This spring, the Bryce and Ronnie Athlete Snow Safety Foundation (BRASS Foundation) hit the slopes of Snowbird, Utah, offering free avalanche education for 55 U.S. Ski & Snowboard athletes and staff from across numerous sports, featuring alpine skiing Olympians David Chodounsky and Tommy Ford.
The BRASS Foundation was formed in 2016, in memory of promising U.S. Ski Team athletes Bryce Astle and Ronnie Berlack. On January 5, 2015, Ronnie, Bryce and their teammates stood at the top of an ungroomed slope which was open and not roped off. It was located between Pistes 1 and 30, within the boundaries of Soelden ski resort in Austria. The athletes saw fresh ski tracks in the powder. The slope below them had received substantial snow accumulation, plus wind loading the night before, but had not been controlled for avalanche mitigation. The athletes were unaware that a level three regional avalanche warning, which means “considerable risk” was posted that day for the Soelden area.
As they were skiing down the slope, a massive snow slide surprised the athletes and engulfed Ronnie and Bryce. Their four teammates narrowly escaped.
Since inception, the responsibility of BRASS has been to drive avalanche awareness, create educational resources, offer training programs and direct grants related to athlete safety and security nationwide. This is the second year BRASS has offered such training featuring BRASS/American Institute for Avalanche Awareness Research and Education (AIARE) Level 1 courses and Level 2 courses, expanding the knowledge of U.S. Ski & Snowboard athletes and staff who frequent the mountains they call their office and home. Among Level 1 participants was also Laura Astle, mother of Bryce Astle.
“BRASS is unique in that we focus our avalanche education on ski and snowboard athletes,” said Michael Silitch, BRASS Executive Director. “U.S. Ski & Snowboard has more than 35,000 members and by the time they’re a U14, they don’t have time to take avalanche courses. November, December and early January when courses typically take place are important training periods for these athletes. We have created a unique opportunity for athletes to take multi-day BRASS/AIARE Level 1 and 2 courses at the end of their season. We’re fortunate to partner with Snowbird, one of only a few venues who can host a successful avalanche course in late April. We found plenty of dangerous winter snow layers still buried deep in the spring snowpack.”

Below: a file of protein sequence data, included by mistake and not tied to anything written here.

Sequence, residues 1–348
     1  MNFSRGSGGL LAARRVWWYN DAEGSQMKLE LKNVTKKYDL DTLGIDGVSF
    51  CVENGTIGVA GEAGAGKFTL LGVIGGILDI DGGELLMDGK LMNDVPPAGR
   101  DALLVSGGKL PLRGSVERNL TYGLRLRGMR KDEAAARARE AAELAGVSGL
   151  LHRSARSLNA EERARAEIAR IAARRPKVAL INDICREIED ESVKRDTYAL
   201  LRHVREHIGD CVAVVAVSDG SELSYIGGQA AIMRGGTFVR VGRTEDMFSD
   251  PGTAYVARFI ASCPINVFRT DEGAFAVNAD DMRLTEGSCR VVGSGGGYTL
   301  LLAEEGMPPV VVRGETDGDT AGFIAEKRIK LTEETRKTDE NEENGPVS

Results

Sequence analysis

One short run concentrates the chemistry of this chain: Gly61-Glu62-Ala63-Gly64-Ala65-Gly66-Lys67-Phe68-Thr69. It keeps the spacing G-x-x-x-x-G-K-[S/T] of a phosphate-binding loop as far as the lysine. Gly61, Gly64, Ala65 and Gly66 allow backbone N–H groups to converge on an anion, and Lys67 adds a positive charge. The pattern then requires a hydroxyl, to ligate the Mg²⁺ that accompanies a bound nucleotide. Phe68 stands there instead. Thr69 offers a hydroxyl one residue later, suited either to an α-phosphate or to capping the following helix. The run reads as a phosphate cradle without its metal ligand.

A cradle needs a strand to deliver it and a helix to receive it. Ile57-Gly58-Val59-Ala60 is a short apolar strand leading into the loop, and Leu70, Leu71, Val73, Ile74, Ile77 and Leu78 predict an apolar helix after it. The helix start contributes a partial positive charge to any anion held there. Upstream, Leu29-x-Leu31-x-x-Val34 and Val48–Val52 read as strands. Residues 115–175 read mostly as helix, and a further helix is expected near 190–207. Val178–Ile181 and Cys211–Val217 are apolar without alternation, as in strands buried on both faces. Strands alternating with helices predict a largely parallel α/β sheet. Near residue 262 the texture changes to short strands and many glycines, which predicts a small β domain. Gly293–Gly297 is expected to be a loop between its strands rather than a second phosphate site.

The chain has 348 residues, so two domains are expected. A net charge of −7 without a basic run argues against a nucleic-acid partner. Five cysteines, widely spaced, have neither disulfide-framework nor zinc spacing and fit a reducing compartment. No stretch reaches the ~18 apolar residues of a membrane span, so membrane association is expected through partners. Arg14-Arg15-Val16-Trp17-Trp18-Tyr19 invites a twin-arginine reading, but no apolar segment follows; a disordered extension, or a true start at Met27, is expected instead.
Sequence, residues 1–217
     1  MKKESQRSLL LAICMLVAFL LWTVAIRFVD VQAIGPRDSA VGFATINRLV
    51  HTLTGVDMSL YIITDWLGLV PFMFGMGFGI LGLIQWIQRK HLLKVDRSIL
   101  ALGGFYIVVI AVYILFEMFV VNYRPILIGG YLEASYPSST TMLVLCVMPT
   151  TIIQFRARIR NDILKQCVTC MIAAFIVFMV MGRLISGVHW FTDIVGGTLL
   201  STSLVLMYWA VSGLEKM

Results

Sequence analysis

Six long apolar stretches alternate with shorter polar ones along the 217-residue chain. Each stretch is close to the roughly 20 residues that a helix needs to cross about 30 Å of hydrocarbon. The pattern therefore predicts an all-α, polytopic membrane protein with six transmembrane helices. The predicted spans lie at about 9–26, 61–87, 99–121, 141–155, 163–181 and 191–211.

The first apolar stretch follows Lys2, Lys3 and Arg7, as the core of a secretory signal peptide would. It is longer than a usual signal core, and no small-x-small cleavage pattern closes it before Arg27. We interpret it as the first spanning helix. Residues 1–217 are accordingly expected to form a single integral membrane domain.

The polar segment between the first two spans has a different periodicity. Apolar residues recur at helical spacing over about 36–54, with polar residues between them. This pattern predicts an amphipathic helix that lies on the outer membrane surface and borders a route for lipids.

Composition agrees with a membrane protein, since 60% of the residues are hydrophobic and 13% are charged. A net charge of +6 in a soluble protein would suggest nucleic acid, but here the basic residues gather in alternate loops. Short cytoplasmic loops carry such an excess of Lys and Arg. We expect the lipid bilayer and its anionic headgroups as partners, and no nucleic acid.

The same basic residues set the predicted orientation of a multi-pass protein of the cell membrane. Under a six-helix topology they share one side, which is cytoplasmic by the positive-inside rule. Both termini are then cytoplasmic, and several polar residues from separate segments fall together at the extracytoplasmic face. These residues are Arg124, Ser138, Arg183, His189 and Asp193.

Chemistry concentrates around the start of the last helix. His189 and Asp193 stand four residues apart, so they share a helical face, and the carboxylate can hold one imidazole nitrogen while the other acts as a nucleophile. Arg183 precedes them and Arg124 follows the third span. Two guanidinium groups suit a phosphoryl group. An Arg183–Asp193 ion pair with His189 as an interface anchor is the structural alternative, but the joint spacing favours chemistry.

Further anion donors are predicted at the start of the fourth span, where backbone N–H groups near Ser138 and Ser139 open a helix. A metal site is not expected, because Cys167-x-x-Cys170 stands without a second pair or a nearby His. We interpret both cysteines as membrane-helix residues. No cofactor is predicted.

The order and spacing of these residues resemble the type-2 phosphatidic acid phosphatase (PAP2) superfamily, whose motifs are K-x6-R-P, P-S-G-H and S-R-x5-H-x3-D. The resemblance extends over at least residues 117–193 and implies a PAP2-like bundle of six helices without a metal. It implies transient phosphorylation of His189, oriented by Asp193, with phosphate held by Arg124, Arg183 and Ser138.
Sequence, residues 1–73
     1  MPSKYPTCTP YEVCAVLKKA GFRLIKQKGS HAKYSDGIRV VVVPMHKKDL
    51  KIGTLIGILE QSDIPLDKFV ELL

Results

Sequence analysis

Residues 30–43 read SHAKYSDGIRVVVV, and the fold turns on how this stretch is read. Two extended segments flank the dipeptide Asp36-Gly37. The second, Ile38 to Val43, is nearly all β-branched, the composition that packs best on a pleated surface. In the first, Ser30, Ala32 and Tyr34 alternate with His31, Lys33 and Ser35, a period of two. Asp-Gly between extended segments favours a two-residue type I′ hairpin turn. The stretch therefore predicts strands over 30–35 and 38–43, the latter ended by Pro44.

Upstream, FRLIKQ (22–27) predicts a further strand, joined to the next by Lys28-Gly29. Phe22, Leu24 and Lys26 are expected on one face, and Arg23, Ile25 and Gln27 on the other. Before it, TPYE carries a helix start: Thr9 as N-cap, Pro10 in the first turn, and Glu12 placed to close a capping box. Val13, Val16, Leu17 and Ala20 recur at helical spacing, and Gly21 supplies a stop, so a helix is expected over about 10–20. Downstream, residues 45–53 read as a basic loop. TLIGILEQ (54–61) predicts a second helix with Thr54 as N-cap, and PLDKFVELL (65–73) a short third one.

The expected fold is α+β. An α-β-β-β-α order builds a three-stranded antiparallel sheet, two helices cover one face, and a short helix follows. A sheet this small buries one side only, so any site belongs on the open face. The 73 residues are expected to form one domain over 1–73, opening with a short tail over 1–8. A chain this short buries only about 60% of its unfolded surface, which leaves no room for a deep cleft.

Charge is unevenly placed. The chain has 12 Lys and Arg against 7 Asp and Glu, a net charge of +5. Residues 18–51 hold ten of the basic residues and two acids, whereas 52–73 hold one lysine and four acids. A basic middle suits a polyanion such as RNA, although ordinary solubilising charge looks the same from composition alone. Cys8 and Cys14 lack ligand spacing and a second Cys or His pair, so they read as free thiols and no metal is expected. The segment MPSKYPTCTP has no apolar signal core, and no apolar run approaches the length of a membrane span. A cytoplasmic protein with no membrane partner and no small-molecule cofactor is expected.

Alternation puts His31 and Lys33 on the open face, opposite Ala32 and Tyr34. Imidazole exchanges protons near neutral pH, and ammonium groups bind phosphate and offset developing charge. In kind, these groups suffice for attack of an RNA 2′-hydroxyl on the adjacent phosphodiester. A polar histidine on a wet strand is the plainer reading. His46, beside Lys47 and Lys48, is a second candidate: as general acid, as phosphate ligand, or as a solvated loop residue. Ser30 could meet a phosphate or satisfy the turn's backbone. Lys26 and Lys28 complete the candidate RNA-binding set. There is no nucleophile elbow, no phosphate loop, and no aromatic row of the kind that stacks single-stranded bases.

BRASS Foundation operates with a “Know Before You Go” approach, educating U.S. Ski & Snowboard athletes and staff that the following five steps will help prepare them properly for travel in the backcountry: get the gear, get the training, get the forecast, get the picture and know how to get out of harm’s way.
According to Silitch, athletes and staff have walked away from these courses with a widespread disbelief that they ever went off-piste skiing without taking this course. For Silitch, it is important to balance these athletes’ elite level of skiing and riding with an overall understanding of the environment in which they spend most of their time.
“All of our athletes will retire one day and we want them to have the skills for a lifetime of safe skiing,” reflected Silitch.
Chodounsky, a veteran alpine athlete and two-time Olympian, took advantage of the training opportunity this spring, partaking in both the Level 1 and Level 2 courses.
“Avy safety is super important since our entire life as ski professionals is spent in the mountains,” noted Chodounsky. “Most of it is in resorts and on controlled slopes, but we definitely find ourselves in avalanche terrain, whether we know it or not. We especially get into avalanche areas when freeskiing around in Europe – where just by going off the groomed runs you can find yourself on uncontrolled snow, which is how the tragic accident happened with Bryce and Ronnie.”